|Topic Review (Newest First)|
|09-02-2014 09:10 PM|
oh no! I had a terrible burn once from the leash I will never wrap around my wrist again. barking dog got him lunging and burned me painfully, took weeks for the scabs to go. sorry to hear about your finger.
I agree with MisterC, prevention prevention prevention. if he does start fixing on something break his gaze however you can without tugging his leash. change direction firmly. his prey drive will get better with your effort
|09-02-2014 04:52 PM|
|Harry and Lola||
At 4mo he is still socialising and learning, the fact they turned around and started running will definitely make his prey drive kick in. Start obedience training, if you can. Join a local group where he trains among other dogs and make it very clear to him from the start that 'training is training' it is not a time to meet and greet and play. Obedience training can help build a better bond between you two and apart from mastering the recall, the other essential thing to master is focus. Find something of really high value to him (food, ball, your high pitch pleased voice etc) and use it to reward him for each focus on command. Give him the command to 'look' or 'watch' and the second he looks at you, reward him. Training a dog to focus on you will help you in the situation you were in, he will learn to ignore outside stimuli and look at you. Be consistent and find that high value reward - you will need it with a high drive GSD.
Good luck with your finger - sounds very paiinful
|09-02-2014 02:23 PM|
Funny you mention this story. I was just thinking the other day that I need to be a little more careful wrapping the leash around my fingers or else I could get my finger broken. Not so far fetched at all it seems...
My suggestion for dealing with a leash-reactive puppy is to pay close attention to anything that he might react to and distract him BEFORE he starts pulling/reacting. This takes constant vigilance to be in time before he reacts and high value treats/toys to get him to focus on you despite the distracting prey.
Also, please don't ever play laser tag with your dog. You didn't say that you did but I learned a little late in the game that laser tag can cause severe OCD behavior and make his prey drive even stronger.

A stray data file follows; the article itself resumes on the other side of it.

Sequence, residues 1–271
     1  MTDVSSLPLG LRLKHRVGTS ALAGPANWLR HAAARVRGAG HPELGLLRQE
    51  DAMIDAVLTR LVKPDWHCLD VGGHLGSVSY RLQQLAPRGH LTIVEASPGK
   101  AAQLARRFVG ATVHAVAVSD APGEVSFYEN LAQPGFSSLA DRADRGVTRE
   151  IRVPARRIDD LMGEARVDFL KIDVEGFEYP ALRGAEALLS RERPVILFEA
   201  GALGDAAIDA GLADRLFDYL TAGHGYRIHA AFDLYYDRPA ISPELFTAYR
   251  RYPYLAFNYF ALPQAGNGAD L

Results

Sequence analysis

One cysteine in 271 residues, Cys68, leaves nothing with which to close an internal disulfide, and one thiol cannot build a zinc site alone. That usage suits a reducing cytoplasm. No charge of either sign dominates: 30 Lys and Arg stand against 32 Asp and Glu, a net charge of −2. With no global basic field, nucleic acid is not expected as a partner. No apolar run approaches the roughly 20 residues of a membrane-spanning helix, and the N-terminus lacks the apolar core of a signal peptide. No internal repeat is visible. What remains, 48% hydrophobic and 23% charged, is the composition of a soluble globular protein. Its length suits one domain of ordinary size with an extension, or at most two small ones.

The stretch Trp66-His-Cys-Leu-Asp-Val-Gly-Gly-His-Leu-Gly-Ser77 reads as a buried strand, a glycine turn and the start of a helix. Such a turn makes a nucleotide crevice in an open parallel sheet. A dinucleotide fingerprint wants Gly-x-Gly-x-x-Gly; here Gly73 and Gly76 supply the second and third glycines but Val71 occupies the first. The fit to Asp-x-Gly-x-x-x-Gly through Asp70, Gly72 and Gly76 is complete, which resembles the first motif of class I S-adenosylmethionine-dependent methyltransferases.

|09-02-2014 01:25 PM|
4 month old + leash reactive = broken finger
This is absolutely probably a one in a million chance for it to have happened. My 42 pound 4 month old saw a dog and began to bark with hackles raised so the owner of the little dog turned around and began to jog in the opposite direction. Most people will give us space and walk to the other side of the street, why this guy started running I have NO idea. This got Atti's prey drive going and his leash somehow got wrapped around one of my fingers and next thing I know, he tried to take off after them, got to the end of his leash and voilá I have a broken finger.
I've been around horses my whole life and have gotten plenty of broken bones and fingers but this one was something else. Holy crap it hurt! The whole thing is black and blue. There wasn't anything different with the way I hold his leash or where we walk, it was just complete chance.
End of story, is there any way to help a leash reactive puppy? We're starting with a trainer next month, would have started earlier but life got in the way. He's got his sit and down perfectly at home and at the park with some distractions. Stay is hit and miss at home (So excited for getting help with trainer). His prey drive is also something I've never had experience with with any other dog, so maybe it's a shepherd trait but if anything moves, and I mean ANYTHING, he's going after it. Whether it be a car, a leaf, a moth, smoke even, all his focus is on the moving object and nothing else in the world matters. Is that normal for the breed or this age?